Make us your home page
Instagram

Today’s top headlines delivered to you daily.

(View our Privacy Policy)

Q&A: WikiLeaks name a result of form and function

WikiLeaks name a composite

WikiLeaks appears to be a made-up word that has been in use awhile. What is its origin and/or meaning?

WikiLeaks is a hybrid name that reflects the origin and mission of the organization that was launched by dissidents, journalists, mathematicians and technologists from around the world.

A "wiki," according to the free online dictionary Wikipedia, is "a website that allows the easy creation and editing of any number of interlinked web pages via a web browser using a simplified markup language or a WYSIWYG (acronym for what you see is what you get) text editor." WikiLeaks and Wikipedia are not affiliated.

The "leaks" portion represents what this organization does: It collects information that governments and institutions don't want released, and posts it on the Internet.

WikiLeaks (www.wikileaks.ch) was launched in 2006 and was initially open for anyone to contribute. It has since closed access.

One of its founders, Australian Julian Assange, 39, is under house arrest in Britain, fighting an extradition request from Sweden to face questioning in two sexual offenses. He has denied the accusations and says Sweden is only interested in his extradition so it can hand him over to the United States for prosecution for the release of classified documents. Sweden denies that. A decision on the extradition request is expected Feb. 24.

Soldier accused of leaks in brig

What's the latest on the soldier who is accused of taking documents from the government and giving them to WikiLeaks?

U.S. Pfc. Bradley Manning, 23, an intelligence analyst who was stationed in Iraq, is accused of leaking classified military videos and field reports on the wars in Iraq and Afghanistan and about 250,000 government cables.

He was detained in May after WikiLeaks released a video taken by cameras on U.S. Apache helicopters that show civilians being killed in a July 2007 strike in Iraq. The video was allegedly obtained from Manning.

Manning is being held in the U.S. Marine brig at Quantico Marine Corps base in Virginia, awaiting trial on multiple charges of violating the U.S. Criminal Code. If convicted, he could get 50 years in prison. There have been reports that Manning is being mistreated, which the military denies.

WikiLeaks has donated $15,100 to Manning's defense fund, according to the New York Times.

854,000 have top-secret access

Given the information that has come from WikiLeaks, how many Americans have clearances for secret information?

A recent Washington Post series found that 854,000 Americans hold top-secret clearances. Of those, nearly a third work for private contractors, the newspaper reported. Three types of security clearances — confidential, secret and top secret — are issued by federal agencies.

Q&A: WikiLeaks name a result of form and function 02/13/11 [Last modified: Sunday, February 13, 2011 3:30am]
Photo reprints | Article reprints

© 2017 Tampa Bay Times

    

Join the discussion: Click to view comments, add yours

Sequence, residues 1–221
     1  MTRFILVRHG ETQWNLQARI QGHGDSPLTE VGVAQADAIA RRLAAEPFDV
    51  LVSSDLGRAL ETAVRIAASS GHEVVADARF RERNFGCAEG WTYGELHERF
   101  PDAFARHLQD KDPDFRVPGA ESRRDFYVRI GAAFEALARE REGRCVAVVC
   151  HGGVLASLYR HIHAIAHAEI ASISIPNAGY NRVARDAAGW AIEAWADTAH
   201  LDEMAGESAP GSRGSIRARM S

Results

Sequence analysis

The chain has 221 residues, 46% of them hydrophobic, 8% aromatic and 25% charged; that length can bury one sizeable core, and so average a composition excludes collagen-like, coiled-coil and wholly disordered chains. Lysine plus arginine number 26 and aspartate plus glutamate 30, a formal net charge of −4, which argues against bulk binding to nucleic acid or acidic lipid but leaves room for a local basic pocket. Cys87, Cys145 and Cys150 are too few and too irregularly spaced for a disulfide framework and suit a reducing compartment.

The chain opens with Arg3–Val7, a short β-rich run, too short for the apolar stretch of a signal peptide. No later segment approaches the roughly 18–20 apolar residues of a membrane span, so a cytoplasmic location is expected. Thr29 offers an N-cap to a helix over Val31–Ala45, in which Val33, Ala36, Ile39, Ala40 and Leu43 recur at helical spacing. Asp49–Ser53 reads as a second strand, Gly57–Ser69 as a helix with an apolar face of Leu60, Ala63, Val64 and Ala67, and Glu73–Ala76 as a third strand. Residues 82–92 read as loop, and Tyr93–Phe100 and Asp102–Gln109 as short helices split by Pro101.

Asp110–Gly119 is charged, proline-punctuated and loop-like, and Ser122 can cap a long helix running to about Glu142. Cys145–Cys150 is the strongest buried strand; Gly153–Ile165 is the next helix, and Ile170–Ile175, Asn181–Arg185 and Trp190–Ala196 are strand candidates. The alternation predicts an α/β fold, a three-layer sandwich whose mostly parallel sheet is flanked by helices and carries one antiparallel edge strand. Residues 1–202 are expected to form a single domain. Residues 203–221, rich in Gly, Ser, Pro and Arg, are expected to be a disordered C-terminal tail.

Loading...
  1. Video: Rays Souza on that oh-so-bad dive, and reaction from Twins fans

    Blogs

    What was Rays RF Steven Souza Jr. thinking when he made that oh-so-bad dive for a ball in the seventh inning Friday? Well, we'll let him tell you ...

  2. What was Rays RF Steven Souza Jr. thinking on that comically bad dive?

    Blogs

    What could Rays RF Steven Souza Jr. been thinking in the seventh inning Friday when he dove for a ball and came up yards short?

    Actually, he insisted after all the laughing, teasing and standing ovation from the Twins fans was done, it was a matter of self-preservation.

  3. Judge tosses life sentences for D.C. sniper Lee Boyd Malvo

    Nation

    McLEAN, Va. — A federal judge on Friday tossed out two life sentences for one of Virginia's most notorious criminals, sniper Lee Boyd Malvo, and ordered Virginia courts to hold new sentencing hearings.

    A federal judge has tossed out two life sentences for D.C. sniper shooter Lee Boyd Malvo. [Associated Press, 2004]
  4. Zbigniew Brzezinski, President Carter's national security adviser, dies

    News

    Zbigniew Brzezinski, the hawkish strategic theorist who was national security adviser to President Jimmy Carter in the tumultuous years of the Iran hostage crisis and the Soviet invasion of Afghanistan in the late 1970s, died on Friday at a hospital in Virginia. He was 89.

    Zbigniew Brzezinski, former national security adviser to President Jimmy Carter, participates in Senate Foreign Relations Committee hearing on Capitol Hill on March 5, 2009, in Washington, D.C. [Photo by Mark Wilson/Getty Images]
  5. USF eliminated by UCF in AAC baseball; Florida, FSU, Miami win

    Colleges

    CLEARWATER — Roughly 16 hours after a ninth-inning collapse against East Carolina in the American Athletic Conference's double-elimination baseball tournament, USF returned to Spectrum Field presumably set for a reboot.

    It simply got booted instead.

    ’NOLES win: Tyler Holton gets a hug from Drew Carlton after his strong eight innings help Florida State beat Louisville.